The new economics of getting sloshed: using game theory to choose your next drinkS

Bars across the country are implementing a market-based pricing algorithm that automatically adjusts the cost of drinks from minute-to-minute, based on the ordering trends of its patrons. If the bar is selling a lot of cocktail A, the price of that drink increases. If sales on beverage B are down, the cost of the libation drops accordingly.

The basic concept behind the software (created by Miami-based company The Drink Exchange) is pretty straightforward, but it introduces a new level of complexity to the practice of drinking on a dime. Over on Wired, software creator Todd Schram (who, depending on how you look at it, is either the best source of advice on the subject or the worst) offers some tips on how you can use strategic decision making to game the system:

Look for patterns
Drink Exchange lets bar owners link drinks, so when the price of one goes up, the prices of others automatically fall. "If you stare at the screen long enough, you'll start to see relationships," Schram says. Insider trading tip: At D Street Bar and Grill in Encinitas, California, the Irish Car Bomb is linked to an undisclosed brand of beer.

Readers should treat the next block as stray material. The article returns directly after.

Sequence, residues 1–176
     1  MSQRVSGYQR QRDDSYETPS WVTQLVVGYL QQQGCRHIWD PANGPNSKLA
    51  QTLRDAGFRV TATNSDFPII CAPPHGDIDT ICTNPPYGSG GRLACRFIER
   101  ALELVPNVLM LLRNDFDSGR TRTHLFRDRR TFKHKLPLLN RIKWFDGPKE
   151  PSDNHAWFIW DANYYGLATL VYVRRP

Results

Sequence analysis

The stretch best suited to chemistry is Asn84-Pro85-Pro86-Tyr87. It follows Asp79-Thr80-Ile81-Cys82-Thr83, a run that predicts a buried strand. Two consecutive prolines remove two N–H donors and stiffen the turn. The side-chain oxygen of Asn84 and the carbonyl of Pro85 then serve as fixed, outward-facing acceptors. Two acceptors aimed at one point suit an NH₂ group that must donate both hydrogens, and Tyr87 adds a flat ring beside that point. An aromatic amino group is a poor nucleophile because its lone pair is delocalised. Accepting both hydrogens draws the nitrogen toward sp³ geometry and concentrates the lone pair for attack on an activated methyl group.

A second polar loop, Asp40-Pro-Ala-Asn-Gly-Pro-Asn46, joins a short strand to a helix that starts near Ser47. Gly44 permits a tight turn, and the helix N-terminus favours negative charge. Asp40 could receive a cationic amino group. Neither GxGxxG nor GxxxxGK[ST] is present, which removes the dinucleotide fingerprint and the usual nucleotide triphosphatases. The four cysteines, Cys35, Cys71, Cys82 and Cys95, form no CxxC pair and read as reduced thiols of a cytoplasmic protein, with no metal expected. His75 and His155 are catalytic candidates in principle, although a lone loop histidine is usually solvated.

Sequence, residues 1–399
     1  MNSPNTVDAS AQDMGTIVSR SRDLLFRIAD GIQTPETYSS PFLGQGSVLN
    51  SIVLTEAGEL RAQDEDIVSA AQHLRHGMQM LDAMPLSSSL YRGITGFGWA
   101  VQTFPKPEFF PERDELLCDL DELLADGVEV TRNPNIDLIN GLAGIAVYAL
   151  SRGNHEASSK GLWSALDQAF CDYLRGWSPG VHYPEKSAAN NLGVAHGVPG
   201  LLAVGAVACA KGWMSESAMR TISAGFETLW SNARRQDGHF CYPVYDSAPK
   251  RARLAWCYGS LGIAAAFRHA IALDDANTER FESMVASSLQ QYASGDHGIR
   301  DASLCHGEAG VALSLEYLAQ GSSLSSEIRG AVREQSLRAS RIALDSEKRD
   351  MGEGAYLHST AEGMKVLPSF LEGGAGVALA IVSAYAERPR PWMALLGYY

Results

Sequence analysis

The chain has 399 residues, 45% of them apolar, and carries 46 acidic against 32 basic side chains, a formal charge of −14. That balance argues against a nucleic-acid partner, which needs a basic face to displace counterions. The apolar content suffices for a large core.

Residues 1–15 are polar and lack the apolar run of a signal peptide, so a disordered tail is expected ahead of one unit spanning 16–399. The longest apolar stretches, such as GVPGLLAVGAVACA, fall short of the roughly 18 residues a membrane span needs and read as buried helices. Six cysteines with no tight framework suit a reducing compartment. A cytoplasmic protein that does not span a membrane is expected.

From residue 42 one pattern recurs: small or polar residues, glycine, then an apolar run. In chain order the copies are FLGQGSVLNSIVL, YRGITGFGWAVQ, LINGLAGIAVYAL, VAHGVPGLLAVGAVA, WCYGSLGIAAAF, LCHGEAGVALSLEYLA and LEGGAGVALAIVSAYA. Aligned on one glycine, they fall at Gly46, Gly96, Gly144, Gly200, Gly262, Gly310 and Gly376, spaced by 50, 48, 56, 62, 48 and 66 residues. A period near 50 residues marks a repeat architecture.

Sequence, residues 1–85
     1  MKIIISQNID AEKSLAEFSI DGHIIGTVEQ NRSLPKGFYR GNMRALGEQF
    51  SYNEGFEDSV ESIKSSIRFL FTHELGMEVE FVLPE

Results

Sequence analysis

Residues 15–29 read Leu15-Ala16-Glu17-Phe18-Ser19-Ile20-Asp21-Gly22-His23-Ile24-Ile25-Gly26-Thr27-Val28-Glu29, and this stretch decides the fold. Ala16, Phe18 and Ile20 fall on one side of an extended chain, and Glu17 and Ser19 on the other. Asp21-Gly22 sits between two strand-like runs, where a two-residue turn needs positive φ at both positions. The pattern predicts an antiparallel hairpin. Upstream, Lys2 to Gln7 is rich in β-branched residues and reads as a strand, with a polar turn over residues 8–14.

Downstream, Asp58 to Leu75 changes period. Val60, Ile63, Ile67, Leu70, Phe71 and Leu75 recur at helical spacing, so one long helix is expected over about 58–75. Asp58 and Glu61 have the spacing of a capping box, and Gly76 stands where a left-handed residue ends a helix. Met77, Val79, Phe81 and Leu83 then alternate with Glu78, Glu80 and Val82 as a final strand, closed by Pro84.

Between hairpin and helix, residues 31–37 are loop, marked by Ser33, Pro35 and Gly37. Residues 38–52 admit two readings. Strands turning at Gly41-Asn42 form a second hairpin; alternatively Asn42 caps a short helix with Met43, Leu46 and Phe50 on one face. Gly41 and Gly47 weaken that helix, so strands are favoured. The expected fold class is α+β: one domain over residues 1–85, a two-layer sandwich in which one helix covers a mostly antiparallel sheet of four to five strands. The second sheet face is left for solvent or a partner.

Time the market
Schram says most bars open the market with a crash-drinks plummet to around half their original price for a limited time after boot up. If you can't arrive early, try closing time: "The later in the night, the cheaper the prices," Schram says. Remember, for every drink that spikes, several go down. At the end of the evening, up to 80 percent of the menu is steeply discounted.

Read the rest of Schram's tips over at Wired.

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